trying to persuade one of the smartest people to ever walk the planet – Albert Einstein! Talk about intimidating;
he’ll see through every psychological ploy you toss at him. If you were going
to ask Einstein for something, how would you persuade him to say “Yes?”
persuade someone who is a thinker or analytical personality type. When I think
of this personality type, Einstein comes to mind because he would be someone
more task-oriented than relationship-focused. However, unlike Donald Trump, he
doesn’t seek to control situations and other people. Instead, he would be
someone more focused on self-control. The follow describes the
thinker/analytical personality type:
like to think things through; exercise good self-control; don’t consider themselves
assertive; like data to support decisions; usually take a logical, systematic
approach to things; like to see track records and trends to support ideas.
often identified was the thinker at 29%. The one chosen most often was the
pragmatic (32%), then expressive (24%) and finally amiable (14%).
it will come as no surprise to find out they chose answers that engaged
reciprocity and liking much less than did the amiable and expressive
personality types. Those personalities are much more relationship-oriented than
they are on prioritizing tasks. Some influence advice when dealing with a
want to spend much time here because thinkers are not concerned with being your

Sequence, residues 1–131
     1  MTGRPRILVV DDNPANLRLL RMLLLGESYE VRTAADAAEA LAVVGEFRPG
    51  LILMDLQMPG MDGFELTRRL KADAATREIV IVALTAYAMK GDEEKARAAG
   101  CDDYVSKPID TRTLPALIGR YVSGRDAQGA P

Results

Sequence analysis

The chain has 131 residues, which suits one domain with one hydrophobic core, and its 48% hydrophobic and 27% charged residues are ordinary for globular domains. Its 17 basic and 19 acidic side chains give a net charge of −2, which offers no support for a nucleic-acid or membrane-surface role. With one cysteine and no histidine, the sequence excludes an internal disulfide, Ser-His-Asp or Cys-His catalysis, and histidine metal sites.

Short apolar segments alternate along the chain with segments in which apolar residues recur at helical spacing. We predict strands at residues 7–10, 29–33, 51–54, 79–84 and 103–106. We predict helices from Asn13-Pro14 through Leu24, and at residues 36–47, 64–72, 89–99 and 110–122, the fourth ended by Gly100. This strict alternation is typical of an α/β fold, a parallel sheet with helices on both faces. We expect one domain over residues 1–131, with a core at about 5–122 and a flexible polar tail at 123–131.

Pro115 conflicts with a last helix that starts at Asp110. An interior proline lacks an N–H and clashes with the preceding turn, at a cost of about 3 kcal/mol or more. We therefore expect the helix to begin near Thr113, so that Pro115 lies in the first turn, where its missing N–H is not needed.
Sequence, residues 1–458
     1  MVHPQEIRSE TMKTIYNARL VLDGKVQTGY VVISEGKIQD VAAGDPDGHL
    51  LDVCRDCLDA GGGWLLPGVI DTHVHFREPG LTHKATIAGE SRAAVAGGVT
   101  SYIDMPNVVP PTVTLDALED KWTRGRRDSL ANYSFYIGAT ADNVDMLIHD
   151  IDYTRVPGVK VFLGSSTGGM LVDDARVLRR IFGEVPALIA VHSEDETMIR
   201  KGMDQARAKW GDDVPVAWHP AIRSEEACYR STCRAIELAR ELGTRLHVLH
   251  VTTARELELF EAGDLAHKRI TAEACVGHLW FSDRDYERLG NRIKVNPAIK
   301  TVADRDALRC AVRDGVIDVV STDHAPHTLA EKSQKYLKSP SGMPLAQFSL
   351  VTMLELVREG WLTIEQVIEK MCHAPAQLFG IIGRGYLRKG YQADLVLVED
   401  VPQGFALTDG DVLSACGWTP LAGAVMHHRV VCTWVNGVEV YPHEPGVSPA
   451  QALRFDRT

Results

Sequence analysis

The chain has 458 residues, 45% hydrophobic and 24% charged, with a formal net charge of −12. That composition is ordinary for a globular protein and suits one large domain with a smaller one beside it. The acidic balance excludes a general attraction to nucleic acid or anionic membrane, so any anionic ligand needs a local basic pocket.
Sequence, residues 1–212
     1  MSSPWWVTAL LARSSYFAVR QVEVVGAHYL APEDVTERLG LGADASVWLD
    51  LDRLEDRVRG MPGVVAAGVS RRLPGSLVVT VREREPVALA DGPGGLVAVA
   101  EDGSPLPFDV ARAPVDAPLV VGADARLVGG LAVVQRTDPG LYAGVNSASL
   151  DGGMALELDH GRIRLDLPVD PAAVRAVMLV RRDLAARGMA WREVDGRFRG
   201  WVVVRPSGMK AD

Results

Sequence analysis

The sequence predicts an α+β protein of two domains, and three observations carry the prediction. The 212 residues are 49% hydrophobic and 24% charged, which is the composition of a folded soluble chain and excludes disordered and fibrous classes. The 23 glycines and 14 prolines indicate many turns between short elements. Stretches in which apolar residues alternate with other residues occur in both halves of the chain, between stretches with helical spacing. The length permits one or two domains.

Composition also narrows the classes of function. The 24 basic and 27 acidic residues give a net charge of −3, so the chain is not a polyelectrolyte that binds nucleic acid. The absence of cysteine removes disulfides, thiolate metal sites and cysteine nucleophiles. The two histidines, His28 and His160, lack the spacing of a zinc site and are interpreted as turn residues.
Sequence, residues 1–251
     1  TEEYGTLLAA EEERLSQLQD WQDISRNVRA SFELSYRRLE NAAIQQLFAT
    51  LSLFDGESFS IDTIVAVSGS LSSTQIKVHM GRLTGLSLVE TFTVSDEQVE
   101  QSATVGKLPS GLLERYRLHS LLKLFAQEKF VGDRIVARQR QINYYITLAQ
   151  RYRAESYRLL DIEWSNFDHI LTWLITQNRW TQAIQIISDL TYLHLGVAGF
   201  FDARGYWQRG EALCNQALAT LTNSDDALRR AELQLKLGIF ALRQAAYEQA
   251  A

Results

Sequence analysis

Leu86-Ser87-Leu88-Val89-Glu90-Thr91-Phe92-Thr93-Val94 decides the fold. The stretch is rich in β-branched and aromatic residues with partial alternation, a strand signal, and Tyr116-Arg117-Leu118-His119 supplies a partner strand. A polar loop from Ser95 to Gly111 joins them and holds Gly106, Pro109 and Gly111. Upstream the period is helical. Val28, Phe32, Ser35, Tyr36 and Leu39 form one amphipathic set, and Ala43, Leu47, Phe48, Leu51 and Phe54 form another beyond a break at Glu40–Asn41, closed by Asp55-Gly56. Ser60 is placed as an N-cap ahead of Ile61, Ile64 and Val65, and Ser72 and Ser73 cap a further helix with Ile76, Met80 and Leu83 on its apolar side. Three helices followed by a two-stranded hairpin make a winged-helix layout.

friend. Don’t take offense but most of the time their thoughts are off
an effective strategy either. Thinkers will certainly accept whatever you give
them but it won’t be a high priority for them to find ways to repay the favor.
comes to making business decisions, helping thinkers deal with uncertainty should
be your top priority.
of consensus – what others were
doing – than any other personality type. It’s not that they just go with the
flow; rather they can be persuaded by what others who are like them happen to
be doing. So tell Einstein what Tesla, Edison or other classic thinkers are
doing and he’ll listen.
experts – the principle of authority – is more effective with this group than any
other personality type! One other expert is good but many (consensus) will be
your best bet when trying to persuade a thinker.
said or done in the past –was also high for thinkers. Only pragmatics had a
higher score. Pragmatics may believe they’re right in what they say and do
because of their egos. Thinkers believe they’re right because they’ve put so
much time and energy into their decision before they act on it or share it. Tie
your request to what a thinker has said, done or professes to believe and your
odds of success go up dramatically.
effective principle with this personality type. Odds are they’ve thought about
your offer, perhaps researched it, so if it’s not actually rare or going away
they’ll see right through it. You’ll get much more response by helping them
overcome uncertainty (consensus and authority) in the business environment.
may not be as extreme as Albert Einstein. However, you’ll still be better off
focusing on certain principles because they’ll help you more than others. In
order, here are the most effective principles of influence for thinkers:
types helpful. When it comes to persuading people, where you have a handle on
their personality type, planaccordingly and you’ll be far more successful than if
you simply wing it. Also, setting the stage – what you do before you attempt to
persuade – will be extremely helpful.
Chief Influence Officer
Helping You Learn to Hear “Yes”.